One more day and then we head home. Six days is just the right number of days. Five would be not enough. Seven would be too many. Leaving the conference Wednesday morning, I will be at once happy to return home and sad to leave.

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Dispatches from Writer’s Camp: Last Night’s Reading, Short Stay Alumni Converge, More Talk About Secret Agents, and Voices Inside Our Heads

Notes from one of today’s brilliant offerings. My penmanship has become stupid. Translation: Therapy is not art–art is not therapy–but there are important parallels. Anxiety moves us into creativity instead of driving us away–Susan Kolodny, paraphrased.

This title pretty much says it all. I think my work is done here.

Perhaps I can begin with the stuff left unfinished or uncovered by my title’s verbosity. We had a lovely little meditation experience this morning sandwiched between two readings of Stafford’s “Ask Me.” Some time when the river is ice ask me/mistakes I’ve made. Ask me whether/what I have done is my life. This has to be one of my favorite poems on the planet and it served this morning as the perfect bookend for 20 minutes of silence. But then, things turned ugly. Even though our masters of ceremony reminded us and warned us (no breakfast on the weekend until the 10:30 brunch), we were woefully unprepared. It was a rude awakening. It necessitated another foray to Whole Foods where I bought Burt’s Bees lip balm, a couple of bananas, a box of granola bars, and a latte. I refrained from eating a banana or a bar for some masochistic reason–I think I planned to save these items as a contingency for tomorrow morning’s unfortunate fast. Today, I thought, I’ll be brave. I will hold out. I was successful. I survived. And boy, that brunch was delicious. And I had Faith Holsaert all to myself–which brought me no end of happiness. Do you know Faith? You should know her. I cannot believe my good fortune to have her as a fellow Wally and a friend.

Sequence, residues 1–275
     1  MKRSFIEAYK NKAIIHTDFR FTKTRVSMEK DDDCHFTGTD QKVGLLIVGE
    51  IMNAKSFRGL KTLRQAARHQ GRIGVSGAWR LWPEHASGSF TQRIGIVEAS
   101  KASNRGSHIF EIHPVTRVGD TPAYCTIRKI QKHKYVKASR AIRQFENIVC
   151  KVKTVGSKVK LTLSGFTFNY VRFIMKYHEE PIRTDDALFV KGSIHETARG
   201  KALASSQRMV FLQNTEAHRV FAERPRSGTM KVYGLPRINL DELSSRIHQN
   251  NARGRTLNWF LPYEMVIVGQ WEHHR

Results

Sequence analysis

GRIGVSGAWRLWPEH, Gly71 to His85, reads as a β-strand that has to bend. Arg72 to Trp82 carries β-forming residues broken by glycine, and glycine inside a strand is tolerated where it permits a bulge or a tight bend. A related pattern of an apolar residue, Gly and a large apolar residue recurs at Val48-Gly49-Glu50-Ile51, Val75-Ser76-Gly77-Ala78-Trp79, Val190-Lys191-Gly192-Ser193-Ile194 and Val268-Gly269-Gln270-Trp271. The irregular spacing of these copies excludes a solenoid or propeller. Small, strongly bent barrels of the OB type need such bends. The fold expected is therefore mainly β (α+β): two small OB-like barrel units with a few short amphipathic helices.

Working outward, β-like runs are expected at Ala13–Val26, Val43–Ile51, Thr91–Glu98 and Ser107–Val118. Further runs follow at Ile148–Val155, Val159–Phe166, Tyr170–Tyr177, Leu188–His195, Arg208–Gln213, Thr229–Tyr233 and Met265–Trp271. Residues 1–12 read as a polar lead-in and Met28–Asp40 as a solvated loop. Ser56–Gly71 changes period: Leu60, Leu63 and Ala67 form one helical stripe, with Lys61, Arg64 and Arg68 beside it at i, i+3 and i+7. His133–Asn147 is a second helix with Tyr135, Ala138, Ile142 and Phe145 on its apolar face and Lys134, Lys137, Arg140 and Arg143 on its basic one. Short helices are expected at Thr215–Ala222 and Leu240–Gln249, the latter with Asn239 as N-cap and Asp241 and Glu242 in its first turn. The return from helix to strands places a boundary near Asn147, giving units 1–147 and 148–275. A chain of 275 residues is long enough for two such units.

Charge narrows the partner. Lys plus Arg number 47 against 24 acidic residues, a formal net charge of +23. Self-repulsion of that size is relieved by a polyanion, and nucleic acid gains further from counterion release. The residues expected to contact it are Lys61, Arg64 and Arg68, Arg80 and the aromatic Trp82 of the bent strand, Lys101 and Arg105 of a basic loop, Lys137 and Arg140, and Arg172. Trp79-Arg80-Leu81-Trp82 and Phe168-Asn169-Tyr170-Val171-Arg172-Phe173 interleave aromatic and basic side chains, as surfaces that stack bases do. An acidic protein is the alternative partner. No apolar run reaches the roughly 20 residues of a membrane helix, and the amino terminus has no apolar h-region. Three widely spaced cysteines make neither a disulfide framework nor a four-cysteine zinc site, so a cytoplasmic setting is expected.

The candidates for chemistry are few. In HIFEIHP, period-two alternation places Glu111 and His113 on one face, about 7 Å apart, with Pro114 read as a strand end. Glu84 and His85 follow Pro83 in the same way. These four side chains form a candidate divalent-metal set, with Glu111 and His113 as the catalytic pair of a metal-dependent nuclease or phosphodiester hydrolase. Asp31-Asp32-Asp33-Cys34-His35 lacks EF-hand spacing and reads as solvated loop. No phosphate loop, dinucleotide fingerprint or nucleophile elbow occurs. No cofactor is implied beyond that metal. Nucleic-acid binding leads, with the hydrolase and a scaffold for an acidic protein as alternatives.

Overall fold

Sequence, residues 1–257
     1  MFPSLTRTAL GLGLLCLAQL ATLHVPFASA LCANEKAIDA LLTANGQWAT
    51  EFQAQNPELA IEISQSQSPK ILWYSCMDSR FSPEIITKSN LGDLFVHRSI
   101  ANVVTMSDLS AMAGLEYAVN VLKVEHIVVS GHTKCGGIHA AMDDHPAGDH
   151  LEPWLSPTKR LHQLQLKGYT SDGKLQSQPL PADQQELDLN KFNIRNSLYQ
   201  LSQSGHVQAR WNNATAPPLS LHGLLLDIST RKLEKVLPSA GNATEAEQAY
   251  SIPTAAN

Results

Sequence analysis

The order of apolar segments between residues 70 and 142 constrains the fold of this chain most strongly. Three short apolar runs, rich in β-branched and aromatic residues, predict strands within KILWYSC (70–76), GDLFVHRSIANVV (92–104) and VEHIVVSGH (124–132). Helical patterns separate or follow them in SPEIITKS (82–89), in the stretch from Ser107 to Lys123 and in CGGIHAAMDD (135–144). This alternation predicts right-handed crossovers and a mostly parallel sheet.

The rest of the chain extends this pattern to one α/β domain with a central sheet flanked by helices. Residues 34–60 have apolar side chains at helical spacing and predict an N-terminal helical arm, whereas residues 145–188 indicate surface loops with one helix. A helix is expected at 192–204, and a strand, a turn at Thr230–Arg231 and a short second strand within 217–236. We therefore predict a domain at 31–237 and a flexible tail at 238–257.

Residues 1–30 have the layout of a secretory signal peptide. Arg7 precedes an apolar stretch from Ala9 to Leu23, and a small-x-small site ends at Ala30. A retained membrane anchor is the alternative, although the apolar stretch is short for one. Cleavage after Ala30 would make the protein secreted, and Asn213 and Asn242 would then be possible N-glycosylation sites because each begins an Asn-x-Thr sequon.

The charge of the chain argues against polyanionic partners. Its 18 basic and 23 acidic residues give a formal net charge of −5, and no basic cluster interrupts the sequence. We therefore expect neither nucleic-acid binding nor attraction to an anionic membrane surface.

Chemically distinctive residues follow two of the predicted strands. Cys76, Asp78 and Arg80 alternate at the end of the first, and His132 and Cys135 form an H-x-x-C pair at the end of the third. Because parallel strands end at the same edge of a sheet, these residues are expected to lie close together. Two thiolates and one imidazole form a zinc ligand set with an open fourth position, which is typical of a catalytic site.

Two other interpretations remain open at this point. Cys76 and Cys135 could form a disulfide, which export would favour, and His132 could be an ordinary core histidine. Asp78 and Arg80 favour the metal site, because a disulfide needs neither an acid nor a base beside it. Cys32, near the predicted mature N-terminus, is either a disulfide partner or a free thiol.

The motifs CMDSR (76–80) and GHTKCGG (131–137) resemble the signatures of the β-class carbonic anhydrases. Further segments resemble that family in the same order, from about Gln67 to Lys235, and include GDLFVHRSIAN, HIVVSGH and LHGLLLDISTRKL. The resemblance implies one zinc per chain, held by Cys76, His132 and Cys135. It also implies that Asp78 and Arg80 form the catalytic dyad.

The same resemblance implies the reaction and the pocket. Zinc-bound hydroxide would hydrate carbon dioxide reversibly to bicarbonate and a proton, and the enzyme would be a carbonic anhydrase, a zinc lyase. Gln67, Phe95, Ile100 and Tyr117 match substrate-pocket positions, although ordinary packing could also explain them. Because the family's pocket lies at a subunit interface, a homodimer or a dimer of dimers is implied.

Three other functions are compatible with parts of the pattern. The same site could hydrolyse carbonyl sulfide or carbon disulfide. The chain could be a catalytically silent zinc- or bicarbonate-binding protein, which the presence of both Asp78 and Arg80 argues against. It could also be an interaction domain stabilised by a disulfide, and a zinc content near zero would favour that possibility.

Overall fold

That’s it, everything that is not already alluded to in the title. I suppose it could use a little flesh on its bones. So, let me try that.

Last night’s readings were mind blowingly good. Yes, I know “blowingly” is not a word, but that’s how good they were: word-makeruppery. I was so honored to share that evening and that podium with these fine folks–but there’s the wonder of it–there will be (my prediction) no group of readers on any evening before or to come that I would feel less honored to share a stage with. I wish you could have been there. This guy, fellow Wally, Rolf, he’s making these lovely recordings, so the best I can do is to share my part of the evening with y’all. You can skip ahead and continue reading if you like, or, you can rest your eyes for 9 minutes and 50 seconds to listen to these five prose poems from my manuscript in progress, Fail Better: The American English Teacher Makes a To-Do List. 

Today, our ranks started to grow. There is always a group of people who, for what ever completely explicable reasons, are not able to come for the full six day retreat. So about three days into each of our conferences, new writers arrive and it’s like Christmas, but only if Christmas was a good experience for you. If it was not, insert a favorite holiday. Levity increases. Joyfulness exudes. The writing contests begin. Just in time for another round of discussions about agents, which is both terrible and good: terrible because we’re talking about agents, good because the more we talk about it, the less scary, the less secret they become. That’s a win. And finally, we heard an expert and insightful lecture about psychoanalytic insights into the obstacles many writers face in the creative process. Hint: writers often face obstacles in the creative process. There are reasons for these, some of which are unconscious. Psychoanalytical insights may be, often are, helpful. Here’s a takeaway that came from a new Wally friend, Peter, which I thought summed up Susan’s big concluding idea very nicely: Don’t try to get rid of your problems. Make friends with them. If you get rid of them, others will just show up in their place!